But yesterday something interesting happened. An older man (by older, I mean say mid 60s, which is really much younger now than it used to be) walked in, dressed in his coat and tie, nice pants and shoes, carrying his briefcase, carrying himself with his own sense of style and debonair. He sat there all day, surrounded by the rest of the Great Unwashed, looking relatively out of place by his style of dress. To look at him in the room you knew he was a bit different, if not by the way he dressed, then by the casual way he sat in the room. I knew who he was, having been at least partially prepared for his visit in the weeks since his problem began, and his emails started. So I had advanced notice this gentlemen thought himself better than most, and more clever than me, seeking to justify his actions that led to his problem by casting blame on others, and combat was going to be inevitable.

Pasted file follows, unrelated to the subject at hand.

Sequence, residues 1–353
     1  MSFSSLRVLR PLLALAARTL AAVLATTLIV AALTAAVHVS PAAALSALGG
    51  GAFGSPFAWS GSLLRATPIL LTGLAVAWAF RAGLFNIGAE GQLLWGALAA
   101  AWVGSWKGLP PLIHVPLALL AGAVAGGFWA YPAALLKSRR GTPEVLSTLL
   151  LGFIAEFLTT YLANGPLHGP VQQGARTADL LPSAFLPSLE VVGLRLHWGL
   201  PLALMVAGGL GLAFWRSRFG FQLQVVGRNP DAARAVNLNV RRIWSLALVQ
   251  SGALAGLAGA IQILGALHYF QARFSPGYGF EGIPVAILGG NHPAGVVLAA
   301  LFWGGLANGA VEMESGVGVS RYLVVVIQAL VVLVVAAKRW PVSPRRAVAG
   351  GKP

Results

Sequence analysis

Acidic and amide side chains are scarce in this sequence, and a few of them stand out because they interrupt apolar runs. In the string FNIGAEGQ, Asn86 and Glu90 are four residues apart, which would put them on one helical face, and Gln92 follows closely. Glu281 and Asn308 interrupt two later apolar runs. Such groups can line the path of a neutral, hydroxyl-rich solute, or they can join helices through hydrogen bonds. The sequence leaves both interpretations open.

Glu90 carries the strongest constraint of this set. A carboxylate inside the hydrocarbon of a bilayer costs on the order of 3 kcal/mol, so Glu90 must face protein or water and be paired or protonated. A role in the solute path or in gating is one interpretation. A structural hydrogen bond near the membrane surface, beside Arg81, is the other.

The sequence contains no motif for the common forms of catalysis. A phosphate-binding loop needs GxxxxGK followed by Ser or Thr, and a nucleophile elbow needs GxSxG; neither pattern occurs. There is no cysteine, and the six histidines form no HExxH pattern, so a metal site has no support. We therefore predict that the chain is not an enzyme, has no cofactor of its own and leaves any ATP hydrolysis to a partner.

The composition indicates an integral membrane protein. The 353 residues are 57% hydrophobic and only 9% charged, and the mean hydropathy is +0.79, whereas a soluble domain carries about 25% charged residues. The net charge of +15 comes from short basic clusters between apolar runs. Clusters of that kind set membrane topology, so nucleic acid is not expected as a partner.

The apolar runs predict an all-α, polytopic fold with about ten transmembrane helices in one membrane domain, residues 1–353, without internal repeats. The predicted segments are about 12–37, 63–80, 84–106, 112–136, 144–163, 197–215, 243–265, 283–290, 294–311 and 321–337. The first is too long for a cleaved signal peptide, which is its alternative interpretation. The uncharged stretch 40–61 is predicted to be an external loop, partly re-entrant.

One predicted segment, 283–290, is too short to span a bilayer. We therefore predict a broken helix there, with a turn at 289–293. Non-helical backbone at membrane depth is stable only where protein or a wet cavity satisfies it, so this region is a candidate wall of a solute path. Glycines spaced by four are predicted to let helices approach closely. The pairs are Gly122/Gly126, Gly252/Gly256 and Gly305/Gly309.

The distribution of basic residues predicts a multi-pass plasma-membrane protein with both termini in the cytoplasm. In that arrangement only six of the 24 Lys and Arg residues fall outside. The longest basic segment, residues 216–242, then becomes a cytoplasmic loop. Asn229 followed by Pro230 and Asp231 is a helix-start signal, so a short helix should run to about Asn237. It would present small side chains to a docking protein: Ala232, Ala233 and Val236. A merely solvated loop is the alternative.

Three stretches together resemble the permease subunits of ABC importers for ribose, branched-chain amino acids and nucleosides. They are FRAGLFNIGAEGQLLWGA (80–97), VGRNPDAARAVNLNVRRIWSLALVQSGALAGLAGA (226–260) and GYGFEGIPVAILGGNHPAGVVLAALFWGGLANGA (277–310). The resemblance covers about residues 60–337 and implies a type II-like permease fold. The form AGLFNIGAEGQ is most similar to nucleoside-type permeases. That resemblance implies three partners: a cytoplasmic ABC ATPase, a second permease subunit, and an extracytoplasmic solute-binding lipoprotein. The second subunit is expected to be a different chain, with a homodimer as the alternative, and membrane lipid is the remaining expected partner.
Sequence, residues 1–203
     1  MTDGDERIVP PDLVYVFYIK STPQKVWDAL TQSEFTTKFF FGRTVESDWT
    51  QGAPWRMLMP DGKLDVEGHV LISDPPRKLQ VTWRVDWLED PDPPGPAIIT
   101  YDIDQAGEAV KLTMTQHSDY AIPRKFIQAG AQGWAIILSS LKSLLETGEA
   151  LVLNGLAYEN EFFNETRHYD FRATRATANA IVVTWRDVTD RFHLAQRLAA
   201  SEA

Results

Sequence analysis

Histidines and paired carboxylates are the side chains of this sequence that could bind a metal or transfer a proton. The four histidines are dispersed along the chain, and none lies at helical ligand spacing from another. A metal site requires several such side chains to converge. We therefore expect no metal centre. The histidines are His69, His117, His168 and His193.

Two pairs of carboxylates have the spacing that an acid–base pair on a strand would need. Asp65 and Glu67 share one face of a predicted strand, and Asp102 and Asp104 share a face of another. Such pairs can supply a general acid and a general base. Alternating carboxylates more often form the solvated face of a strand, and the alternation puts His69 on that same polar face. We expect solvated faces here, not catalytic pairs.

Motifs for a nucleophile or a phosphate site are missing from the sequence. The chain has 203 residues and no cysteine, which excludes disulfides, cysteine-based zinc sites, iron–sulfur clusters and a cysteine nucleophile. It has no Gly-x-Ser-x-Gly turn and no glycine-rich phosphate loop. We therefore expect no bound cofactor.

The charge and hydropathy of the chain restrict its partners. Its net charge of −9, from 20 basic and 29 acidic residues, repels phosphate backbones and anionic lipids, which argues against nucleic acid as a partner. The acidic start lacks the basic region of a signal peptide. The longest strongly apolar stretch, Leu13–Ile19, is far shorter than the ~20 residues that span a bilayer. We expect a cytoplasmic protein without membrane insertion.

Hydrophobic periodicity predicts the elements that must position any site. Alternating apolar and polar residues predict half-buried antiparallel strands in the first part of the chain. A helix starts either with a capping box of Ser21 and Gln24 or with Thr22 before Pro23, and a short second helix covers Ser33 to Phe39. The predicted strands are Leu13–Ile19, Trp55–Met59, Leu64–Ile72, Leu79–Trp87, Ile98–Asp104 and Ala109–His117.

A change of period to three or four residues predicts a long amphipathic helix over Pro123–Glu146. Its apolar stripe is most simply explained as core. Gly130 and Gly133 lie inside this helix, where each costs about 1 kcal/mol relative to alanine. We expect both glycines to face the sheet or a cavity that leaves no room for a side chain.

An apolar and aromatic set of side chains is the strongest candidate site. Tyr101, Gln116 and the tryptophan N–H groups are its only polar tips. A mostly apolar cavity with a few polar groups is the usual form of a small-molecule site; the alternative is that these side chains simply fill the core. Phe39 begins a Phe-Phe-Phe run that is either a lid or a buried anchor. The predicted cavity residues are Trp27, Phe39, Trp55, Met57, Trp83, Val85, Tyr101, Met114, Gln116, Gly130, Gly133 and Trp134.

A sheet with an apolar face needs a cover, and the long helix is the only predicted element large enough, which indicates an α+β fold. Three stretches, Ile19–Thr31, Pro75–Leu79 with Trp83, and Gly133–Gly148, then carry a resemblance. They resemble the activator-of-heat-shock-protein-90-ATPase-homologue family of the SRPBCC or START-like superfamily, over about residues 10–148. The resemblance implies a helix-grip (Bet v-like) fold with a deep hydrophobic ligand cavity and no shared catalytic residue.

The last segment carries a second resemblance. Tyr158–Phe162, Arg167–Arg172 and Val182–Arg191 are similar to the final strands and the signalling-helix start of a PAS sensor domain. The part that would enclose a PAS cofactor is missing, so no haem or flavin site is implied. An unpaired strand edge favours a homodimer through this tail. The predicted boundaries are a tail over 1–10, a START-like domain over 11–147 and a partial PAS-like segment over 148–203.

Late in the day it came his turn for me to deal with him. As he approached and we began to discuss his situation I noticed an odor. That might be a bit weak a statement. I noticed a stench. A disgusting stench. The kind that makes you gag just at the memory of it. Like a bad mixture of dog feces and weeks of body odor rolled into one overpowering smell. So strong was the odor that the person helping me had to leave her position, not trying to be rude, but understandably trying to avoid the odor. (Besides, there was little she could do to help me anyway.) I could not hear his story for his smell. Not that I would believe it anyway, but I could not get past the smell. The more I sat there, forcibly locked into conversation with his combative personality, the more I just wanted to get rid of him, or at least find some way for him to get away from me. I was successful. One more story for the water cooler, and another inside joke with the other people I work with.